Optically and acoustically triggerable sub-micron phase-change contrast agents for enhanced photoacoustic and ultrasound imaging
Harriss, Bethany I.
Matsunaga, Terry O.
AffiliationUniv Arizona, Dept Med Imaging
KeywordsPhase-change contrast agent
Multispectral optoacoustic tomography (MSOT)
MetadataShow full item record
PublisherELSEVIER GMBH, URBAN & FISCHER VERLAG
CitationOptically and acoustically triggerable sub-micron phase-change contrast agents for enhanced photoacoustic and ultrasound imaging 2017, 6:26 Photoacoustics
Rights© 2017 The Authors. Published by Elsevier GmbH. This is an open access article under the CC BY license.
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AbstractWe demonstrate a versatile phase-change sub-micron contrast agent providing three modes of contrast enhancement: 1) photoacoustic imaging contrast, 2) ultrasound contrast with optical activation, and 3) ultrasound contrast with acoustic activation. This agent, which we name 'Cy-droplet', has the following novel features. It comprises a highly volatile perfluorocarbon for easy versatile activation, and a near-infrared optically absorbing dye chosen to absorb light at a wavelength with good tissue penetration. It is manufactured via a 'microbubble condensation' method. The phase-transition of Cy-droplets can be optically triggered by pulsed-laser illumination, inducing photoacoustic signal and forming stable gas bubbles that are visible with echo-ultrasound in situ. Alternatively, Cy-droplets can be converted to microbubble contrast agents upon acoustic activation with clinical ultrasound. Potentially all modes offer extravascular contrast enhancement because of the sub-micron initial size. Such versatility of acoustic and optical 'triggerability' can potentially improve multi-modality imaging, molecularly targeted imaging and controlled drug release. (C) 2017 The Authors. Published by Elsevier GmbH.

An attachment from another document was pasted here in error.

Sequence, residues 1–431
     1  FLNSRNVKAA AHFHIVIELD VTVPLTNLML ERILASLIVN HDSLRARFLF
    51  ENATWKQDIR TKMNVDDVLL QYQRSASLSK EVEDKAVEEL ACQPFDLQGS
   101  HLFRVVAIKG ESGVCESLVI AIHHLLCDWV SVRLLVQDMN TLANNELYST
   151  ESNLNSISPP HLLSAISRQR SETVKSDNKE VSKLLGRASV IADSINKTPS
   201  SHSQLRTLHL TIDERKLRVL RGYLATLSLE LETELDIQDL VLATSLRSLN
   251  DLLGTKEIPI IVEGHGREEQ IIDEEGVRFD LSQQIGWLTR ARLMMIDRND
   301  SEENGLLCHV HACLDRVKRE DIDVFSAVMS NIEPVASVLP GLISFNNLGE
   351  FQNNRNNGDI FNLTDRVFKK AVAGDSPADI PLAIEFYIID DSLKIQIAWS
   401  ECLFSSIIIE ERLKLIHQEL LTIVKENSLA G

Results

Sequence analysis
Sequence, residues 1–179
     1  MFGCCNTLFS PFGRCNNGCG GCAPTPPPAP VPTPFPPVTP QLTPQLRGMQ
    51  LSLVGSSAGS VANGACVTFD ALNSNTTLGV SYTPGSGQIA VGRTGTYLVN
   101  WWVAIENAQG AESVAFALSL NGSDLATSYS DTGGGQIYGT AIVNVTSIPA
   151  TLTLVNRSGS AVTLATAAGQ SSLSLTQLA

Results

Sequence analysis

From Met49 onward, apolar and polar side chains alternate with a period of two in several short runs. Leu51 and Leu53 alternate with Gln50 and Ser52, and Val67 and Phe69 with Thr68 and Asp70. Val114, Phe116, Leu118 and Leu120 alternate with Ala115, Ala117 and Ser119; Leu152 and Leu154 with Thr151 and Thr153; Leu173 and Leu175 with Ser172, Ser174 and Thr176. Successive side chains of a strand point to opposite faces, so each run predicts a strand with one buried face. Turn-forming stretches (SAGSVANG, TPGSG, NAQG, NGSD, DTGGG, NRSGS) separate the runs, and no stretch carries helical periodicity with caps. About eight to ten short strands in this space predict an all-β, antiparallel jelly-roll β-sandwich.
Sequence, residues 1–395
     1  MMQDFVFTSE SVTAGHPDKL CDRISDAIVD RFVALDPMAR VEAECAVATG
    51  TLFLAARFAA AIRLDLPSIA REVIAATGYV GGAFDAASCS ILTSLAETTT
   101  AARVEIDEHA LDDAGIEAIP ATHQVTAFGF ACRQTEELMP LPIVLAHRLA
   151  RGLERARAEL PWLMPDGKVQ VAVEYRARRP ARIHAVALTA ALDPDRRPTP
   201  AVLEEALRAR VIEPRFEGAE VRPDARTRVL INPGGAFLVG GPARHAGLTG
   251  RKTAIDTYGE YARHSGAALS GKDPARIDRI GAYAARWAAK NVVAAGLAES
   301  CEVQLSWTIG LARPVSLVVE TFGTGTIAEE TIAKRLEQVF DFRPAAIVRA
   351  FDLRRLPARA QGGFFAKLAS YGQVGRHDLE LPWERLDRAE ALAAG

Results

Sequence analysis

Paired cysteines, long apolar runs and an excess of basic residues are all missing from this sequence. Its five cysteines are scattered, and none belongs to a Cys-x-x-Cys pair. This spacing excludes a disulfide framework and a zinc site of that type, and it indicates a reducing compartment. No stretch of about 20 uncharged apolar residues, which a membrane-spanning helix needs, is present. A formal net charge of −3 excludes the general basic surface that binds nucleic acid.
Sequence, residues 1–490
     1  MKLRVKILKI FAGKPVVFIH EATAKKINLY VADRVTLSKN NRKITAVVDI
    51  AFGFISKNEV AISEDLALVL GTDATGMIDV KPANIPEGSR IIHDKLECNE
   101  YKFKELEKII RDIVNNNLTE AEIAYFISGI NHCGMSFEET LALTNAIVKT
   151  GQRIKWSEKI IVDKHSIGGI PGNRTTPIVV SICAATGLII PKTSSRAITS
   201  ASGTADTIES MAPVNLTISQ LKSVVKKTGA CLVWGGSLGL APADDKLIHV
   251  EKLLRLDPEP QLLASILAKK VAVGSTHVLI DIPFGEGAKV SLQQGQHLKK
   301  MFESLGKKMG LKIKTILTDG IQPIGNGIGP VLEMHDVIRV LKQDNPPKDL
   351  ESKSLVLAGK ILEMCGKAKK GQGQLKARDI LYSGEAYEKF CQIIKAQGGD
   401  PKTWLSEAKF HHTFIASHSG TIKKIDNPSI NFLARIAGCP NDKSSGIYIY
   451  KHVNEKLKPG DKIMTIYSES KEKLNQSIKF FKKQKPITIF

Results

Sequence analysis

NoteOpen access journal.
VersionFinal published version
SponsorsImperial College-China Scholarship Council (CSC) scholarship; Cancer Research UK Multi-Disciplinary Project [C53470/A22353]; Cancer Research UK Cancer Imaging Centre at the Institute of Cancer Research; Engineering and Physical Sciences Research Council Strategic Equipment Grant [EP/N015266/1]; National Institutes of Health Grant [CA185684]